Human crewing power in an automated world

Digitalisation can supercharge crewing strategies. Nick Clarke, CEO of Greywing and Peter Schellenberger, managing director at Vanir Marine, explain how.

Digitalisation has swept industries across the world into a more streamlined way of working – yet, the sheer scale of the global maritime industry can make it hard to catch up.

As more industry stakeholders embrace digitalisation, the only constant in maritime is the human touch, which is even more crucial during the pandemic. People are key assets for any shipping company – but more needs to be done to streamline crew changes, and take care of the people powering shipping.

Barriers to digital adoption

In the decentralised maritime industry, there are various moving parts: an average of three to five companies are involved in facilitating a single crew change. The whole process is still very analogue, personal documents are typically handled and verified manually. The COVID-19 pandemic has exacerbated issues that may arise from these moving parts and highlighted how easy it is for the entire system to fall apart. It is now all too clear how siloed information has become, making big picture analysis and collaboration within an organisation incredibly difficult.

Not to mention, COVID-19 has been driving record eCommerce sales, which has led to an 8-9x increase in the amount of ocean freight moving between Asia and the US, even as the spread of COVID-19 impacts labour availability, exacerbating global delivery delays. There is a clear opportunity that shipping companies may be missing as major eCommerce players seek to cut out the middleman and charter their own vessels.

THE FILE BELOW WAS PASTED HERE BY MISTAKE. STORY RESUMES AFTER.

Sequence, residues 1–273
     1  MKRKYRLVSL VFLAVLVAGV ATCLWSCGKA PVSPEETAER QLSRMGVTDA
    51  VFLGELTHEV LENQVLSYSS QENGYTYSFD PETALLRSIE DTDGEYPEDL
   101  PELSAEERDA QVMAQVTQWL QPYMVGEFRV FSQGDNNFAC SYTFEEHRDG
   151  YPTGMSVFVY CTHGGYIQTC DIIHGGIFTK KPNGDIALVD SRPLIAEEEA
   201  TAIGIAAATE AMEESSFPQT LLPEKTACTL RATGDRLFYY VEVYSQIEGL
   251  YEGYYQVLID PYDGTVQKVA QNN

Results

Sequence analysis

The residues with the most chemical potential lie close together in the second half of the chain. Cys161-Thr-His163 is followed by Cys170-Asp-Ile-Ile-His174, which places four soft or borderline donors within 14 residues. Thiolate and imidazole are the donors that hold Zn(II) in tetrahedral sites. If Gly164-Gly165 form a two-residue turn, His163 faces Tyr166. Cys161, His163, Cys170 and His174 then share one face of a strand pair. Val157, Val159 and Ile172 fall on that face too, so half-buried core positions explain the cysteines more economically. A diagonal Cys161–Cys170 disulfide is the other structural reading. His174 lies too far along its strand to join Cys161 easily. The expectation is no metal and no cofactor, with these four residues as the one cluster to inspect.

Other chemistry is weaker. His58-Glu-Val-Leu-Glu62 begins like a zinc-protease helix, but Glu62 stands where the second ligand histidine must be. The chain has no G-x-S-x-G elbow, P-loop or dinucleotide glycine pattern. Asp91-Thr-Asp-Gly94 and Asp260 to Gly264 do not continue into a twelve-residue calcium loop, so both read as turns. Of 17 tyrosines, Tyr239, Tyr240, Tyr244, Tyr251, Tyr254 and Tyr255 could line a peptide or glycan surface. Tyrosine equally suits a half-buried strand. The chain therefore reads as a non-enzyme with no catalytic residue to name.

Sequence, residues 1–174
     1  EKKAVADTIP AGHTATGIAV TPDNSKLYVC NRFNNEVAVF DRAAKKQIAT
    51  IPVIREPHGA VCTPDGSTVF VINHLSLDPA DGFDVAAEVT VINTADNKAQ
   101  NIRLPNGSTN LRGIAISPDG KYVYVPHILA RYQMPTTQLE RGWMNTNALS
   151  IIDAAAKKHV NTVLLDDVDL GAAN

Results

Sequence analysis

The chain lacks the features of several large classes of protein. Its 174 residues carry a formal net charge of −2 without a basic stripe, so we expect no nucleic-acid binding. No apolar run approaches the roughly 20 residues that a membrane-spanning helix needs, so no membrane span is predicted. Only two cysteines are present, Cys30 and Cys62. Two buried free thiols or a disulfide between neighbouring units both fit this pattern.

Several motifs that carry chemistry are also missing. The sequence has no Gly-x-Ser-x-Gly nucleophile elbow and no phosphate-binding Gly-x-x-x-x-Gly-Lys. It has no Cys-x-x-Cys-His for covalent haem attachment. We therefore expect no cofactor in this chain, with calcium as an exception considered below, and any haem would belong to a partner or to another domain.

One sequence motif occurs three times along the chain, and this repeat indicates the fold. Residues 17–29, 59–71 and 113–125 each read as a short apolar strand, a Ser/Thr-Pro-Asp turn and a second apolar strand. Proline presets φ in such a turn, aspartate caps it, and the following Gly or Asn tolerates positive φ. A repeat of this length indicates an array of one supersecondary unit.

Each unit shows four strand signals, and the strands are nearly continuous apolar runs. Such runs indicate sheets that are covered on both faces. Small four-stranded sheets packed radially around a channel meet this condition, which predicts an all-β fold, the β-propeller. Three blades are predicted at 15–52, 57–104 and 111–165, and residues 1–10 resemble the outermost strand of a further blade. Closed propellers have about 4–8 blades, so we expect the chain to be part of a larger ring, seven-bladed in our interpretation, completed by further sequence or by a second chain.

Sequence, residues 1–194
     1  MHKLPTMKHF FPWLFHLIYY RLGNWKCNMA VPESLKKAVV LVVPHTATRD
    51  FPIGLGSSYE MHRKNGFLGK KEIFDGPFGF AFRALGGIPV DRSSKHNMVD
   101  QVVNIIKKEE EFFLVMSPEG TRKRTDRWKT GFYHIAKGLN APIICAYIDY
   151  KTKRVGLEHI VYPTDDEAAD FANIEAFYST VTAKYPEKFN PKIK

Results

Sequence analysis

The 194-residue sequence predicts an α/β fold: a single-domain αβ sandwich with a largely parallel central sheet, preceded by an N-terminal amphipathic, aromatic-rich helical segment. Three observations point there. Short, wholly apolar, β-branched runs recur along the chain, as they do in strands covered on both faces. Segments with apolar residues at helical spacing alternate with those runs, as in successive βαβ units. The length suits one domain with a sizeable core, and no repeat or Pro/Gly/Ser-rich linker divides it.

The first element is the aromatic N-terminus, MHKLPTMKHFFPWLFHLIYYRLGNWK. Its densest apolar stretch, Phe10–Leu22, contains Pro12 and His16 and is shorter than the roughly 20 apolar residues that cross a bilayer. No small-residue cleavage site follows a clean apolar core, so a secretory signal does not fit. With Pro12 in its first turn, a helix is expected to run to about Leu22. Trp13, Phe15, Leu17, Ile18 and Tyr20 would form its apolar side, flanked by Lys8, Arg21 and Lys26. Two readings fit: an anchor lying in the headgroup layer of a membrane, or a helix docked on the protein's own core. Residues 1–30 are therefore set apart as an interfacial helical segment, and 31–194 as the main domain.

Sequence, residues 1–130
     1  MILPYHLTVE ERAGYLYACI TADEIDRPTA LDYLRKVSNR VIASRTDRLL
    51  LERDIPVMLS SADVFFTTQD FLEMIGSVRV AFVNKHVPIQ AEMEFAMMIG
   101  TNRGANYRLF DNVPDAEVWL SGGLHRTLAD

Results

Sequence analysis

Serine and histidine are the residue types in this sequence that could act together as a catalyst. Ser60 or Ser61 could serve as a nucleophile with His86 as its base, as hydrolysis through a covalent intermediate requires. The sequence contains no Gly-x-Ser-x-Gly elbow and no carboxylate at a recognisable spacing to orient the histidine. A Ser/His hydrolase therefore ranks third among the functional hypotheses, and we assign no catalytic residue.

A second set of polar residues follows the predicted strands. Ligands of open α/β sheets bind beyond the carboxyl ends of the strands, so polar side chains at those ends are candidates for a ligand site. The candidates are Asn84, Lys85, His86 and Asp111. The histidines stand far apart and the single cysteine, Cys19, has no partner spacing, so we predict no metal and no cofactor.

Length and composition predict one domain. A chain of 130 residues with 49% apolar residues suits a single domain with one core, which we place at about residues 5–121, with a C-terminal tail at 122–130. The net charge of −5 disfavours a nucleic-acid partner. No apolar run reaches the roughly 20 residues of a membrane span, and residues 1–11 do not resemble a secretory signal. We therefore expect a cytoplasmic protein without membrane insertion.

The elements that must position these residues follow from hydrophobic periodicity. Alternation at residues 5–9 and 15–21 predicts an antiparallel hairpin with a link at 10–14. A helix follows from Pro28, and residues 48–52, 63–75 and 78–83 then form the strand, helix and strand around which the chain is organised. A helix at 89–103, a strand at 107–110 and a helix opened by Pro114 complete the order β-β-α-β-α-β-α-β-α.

With all the potential big wins, a question persists: why aren’t more maritime organisations embracing digitalisation? Some key players are resistant to the challenges of learning and adapting to a new piece of software. Too often, there’s a lag when introducing new technologies or new workflows; the cost of implementation, time spent onboarding or upskilling human resources. However, the benefits outweigh the learning curve costs, especially for the first-movers who are willing to take the risk and outpace their competition. For example, it takes an average of 8 hours to onboard a new crew manager. For every hour invested in onboarding, 37 hours is saved each year – that’s 296 hours saved annually by successfully onboarding one human team member.

Similarly, it’s crucial for digital tools to be optimised so they are easy to understand and implement. While it may take some initial investment, the time saved across the course of the year is too great to waste. Rather than trying to crowbar technologies into existing workflows, new workflows need to be developed that allow space for learning and are optimised to scale – it’s a small sacrifice of time for a huge exponential growth opportunity. For some new smart solutions, the description and documentation of value proposition and efficiency gains should be clearly explained to remove the hurdles of initial investment and implementation resource allocation.

Adopting digitalisation in the maritime industry

Digitalisation isn’t an entirely new concept in shipping. In the 1980s, the maritime industry was one of the first to adopt Electronic Data Interchange (EDI) standards. Specific areas have been undergoing digitalisation for 20 – 30 years. But there’s a link missing in connecting these systems together and deploying them on board. Most maritime organisations have already invested in well-proven technologies – but often, the lack of streamlined processes means people are having to manually connect information, rather than use it to deliver their work better. There’s still a wealth of untapped potential to be explored.

It’s not about experimenting with new digital tools. Maritime organisations need to leverage well-proven technologies they have already invested in to help mitigate the impact of volatility and streamline their operations. Data is currently held and spread across multiple departments, systems, countries and languages, that if connected could automate away menial and laborious tasks like data entry and correction. With better data, analytical tools like prediction can be deployed to inform smarter decisions, and teams have more time to communicate insights across the organisation. By reducing administrative workloads, organisations can better work within the complex landscape of maritime safety and commercial regulations. This requires a detailed “mirroring” of situations in order to define the bottlenecks well, thus making it easier to solve the problem.